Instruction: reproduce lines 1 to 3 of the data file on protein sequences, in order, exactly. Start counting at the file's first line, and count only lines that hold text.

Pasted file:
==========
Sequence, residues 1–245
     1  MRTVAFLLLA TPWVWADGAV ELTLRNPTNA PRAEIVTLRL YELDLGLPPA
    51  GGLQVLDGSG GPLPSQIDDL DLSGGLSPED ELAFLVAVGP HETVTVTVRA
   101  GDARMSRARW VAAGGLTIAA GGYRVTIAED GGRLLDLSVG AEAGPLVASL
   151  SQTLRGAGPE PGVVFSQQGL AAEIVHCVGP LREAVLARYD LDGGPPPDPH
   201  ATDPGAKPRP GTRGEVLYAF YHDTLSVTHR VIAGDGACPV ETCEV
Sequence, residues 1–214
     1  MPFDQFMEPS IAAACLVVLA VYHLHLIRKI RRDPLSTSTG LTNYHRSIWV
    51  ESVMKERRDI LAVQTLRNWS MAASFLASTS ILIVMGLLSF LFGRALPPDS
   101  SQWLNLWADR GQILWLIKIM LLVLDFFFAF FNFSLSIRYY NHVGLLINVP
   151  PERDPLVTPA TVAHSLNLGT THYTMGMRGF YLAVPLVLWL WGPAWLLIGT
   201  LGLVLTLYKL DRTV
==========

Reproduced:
Sequence, residues 1–245
     1  MRTVAFLLLA TPWVWADGAV ELTLRNPTNA PRAEIVTLRL YELDLGLPPA
    51  GGLQVLDGSG GPLPSQIDDL DLSGGLSPED ELAFLVAVGP HETVTVTVRA